Radio wave propagation and the frequency spectrum 3instantaneously driven positive with respect to the base plate and the current flow in the wire is zero.At this instant the field produced is entirely electric and the electrostatic lines of force are as shownin the diagram.After the peak of the signal has passed, electrons will begin to flow upwards to produce a currentflow in the wire. The electric field will now start to collapse (Figure 1.1(b)) and the ends of the linesof force come together to form loops of electrostatic energy. After the potential difference (positive topplate to negative base plate) across the two plates of the effective capacitor has fallen to zero, currentcontinues to flow and, in so doing, starts to charge the effective capacitor plates in the oppositedirection. This charge forms new lines of force in the reverse direction to the previous field, negativeto the top plate and positive at its base. The collapse of the initial electrostatic field lags the changein potential that caused it to occur and, consequently, the new electric field starts to expand before theold field has completely disappeared. The electric fields thus created (Figure 1.1(c)) will be caused toform loops of energy, with each new loop forcing the previous loop outwards, away from the antenna.Thus, radio frequency energy is radiated as closed loops of electrostatic energy.Because a minute current is flowing around each complete loop of energy, a magnetic field will becreated around the loop at 90° to it. Thus, the magnetic lines of force produced around the verticalelectric field created by a vertical antenna, will be horizontal. Two fields of energy, in spacequadrature, have thus been created and will continue in their relative planes as the radio wave movesaway from the transmitting antenna.The electric and magnetic inductive fields are in both time and space quadrature and are 90°out ofphase with each other in time, and at right angles to each other in space. The electric field is of greatestimportance to the understanding of radio wave propagation, the magnetic field only being presentwhen current flows around the loop as the electric field changes.Figure 1.2 shows the relative directions of the electric field (E), the magnetic field (H) and thedirection of propagation. The oscillating electric field is represented by the vertical vector OE, themagnetic field by OH, and the direction of propagation by OD. Another electrical law of physics,Fleming’s right-hand rule, normally applied to the theory of electrical machines, applies equally to thedirection of propagation of the radio wave.Figure 1.2 The angular relationship of the E and H fields.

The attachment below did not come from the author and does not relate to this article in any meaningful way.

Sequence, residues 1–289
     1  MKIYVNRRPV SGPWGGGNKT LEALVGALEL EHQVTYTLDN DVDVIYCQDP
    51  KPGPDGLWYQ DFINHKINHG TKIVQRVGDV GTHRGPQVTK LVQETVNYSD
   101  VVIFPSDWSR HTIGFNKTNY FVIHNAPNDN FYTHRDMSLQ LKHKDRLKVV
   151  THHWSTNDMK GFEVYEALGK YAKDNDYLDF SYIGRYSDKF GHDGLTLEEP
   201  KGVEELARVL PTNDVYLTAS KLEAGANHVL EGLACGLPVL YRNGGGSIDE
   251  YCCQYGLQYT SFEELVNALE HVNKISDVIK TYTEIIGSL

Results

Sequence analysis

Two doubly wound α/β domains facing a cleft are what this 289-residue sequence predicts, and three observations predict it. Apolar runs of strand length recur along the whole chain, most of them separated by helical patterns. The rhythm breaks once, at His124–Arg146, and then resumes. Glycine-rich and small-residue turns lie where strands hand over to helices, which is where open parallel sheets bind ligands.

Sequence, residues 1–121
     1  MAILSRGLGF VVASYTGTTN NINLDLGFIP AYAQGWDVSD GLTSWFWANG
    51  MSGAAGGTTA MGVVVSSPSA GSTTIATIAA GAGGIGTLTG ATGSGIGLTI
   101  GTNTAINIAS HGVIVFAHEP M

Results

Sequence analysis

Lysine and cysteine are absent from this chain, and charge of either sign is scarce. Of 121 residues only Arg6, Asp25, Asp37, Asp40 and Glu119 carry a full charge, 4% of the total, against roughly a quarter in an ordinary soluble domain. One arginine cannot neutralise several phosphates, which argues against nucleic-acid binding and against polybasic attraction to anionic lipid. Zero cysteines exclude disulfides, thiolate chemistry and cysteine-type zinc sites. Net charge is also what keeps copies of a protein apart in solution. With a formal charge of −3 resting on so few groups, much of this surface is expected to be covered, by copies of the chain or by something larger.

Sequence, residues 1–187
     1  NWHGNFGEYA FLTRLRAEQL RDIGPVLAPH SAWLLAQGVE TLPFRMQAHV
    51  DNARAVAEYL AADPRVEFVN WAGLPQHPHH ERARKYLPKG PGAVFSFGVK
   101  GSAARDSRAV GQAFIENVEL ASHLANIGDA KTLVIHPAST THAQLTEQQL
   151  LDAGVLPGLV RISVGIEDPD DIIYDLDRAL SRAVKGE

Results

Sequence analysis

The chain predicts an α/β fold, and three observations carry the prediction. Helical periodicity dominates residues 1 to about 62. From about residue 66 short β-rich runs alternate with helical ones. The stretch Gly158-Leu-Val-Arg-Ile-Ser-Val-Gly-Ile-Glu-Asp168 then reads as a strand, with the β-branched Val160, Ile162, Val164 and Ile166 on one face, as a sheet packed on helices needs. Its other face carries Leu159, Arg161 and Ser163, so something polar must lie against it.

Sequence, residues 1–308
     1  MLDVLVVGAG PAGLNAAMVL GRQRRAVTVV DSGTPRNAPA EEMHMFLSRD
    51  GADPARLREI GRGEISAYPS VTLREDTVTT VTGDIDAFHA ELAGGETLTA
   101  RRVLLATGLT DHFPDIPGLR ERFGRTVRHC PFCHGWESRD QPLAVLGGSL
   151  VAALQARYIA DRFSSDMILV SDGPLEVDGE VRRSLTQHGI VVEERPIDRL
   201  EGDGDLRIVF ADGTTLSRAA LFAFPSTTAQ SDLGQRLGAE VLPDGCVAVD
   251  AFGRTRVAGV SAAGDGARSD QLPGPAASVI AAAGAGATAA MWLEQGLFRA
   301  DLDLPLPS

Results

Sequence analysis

4 Electronic Navigation SystemsAt any instantaneous point along the sinusoidal wave of the electric field it is possible to measurea minute current flow in the loop of energy. The current will be increasing and decreasing as it followsthe rate of change of amplitude of the sinusoidal frequency (carrier wave) of the radio wave (seeFigure 1.3). It is this instantaneous change of current which, when in contact with a receiving antenna,causes a current to flow at the receiver input and a minute signal voltage, called an electromotive force(e.m.f.), to appear across the antenna input.The transmitted signal may now be considered to be a succession of concentric loops of ever-increasing radius, each one a wavelength ahead of the next. Radio waves thus produced will be similarin appearance to the waves caused on the surface of a pond when a rock is tossed into it. Similarly,the radio waves radiate outwards from the source and diminish in amplitude with distance travelledfrom the transmitter. Each loop moves away from the transmitting antenna at the speed of light in freespace, usually approximated to be 300 × 106ms–1, and it is common practice to call the leading edgeof each loop a wavefront. The distance between each wavefront depends upon the frequency beingradiated and is called the wavelength, (lambda).1.4 Frequency, wavelength and velocityAlthough a variable, the velocity of electromagnetic radio waves propagated in the troposphere, closeto the earth’s surface, is accepted to be 300 × 106ms–1. This figure is important because it enables thewavelength of a transmitted frequency to be calculated and from that a number of other essentialparameters can be determined.Wavelength =300 × 106Frequency(in metres)The actual length of one radio wave during one alternating cycle is a measure of the distancetravelled, and the number of alternating cycles per second is a measure of the frequency.Figure 1.3 Amplitude variations of the E and H fields.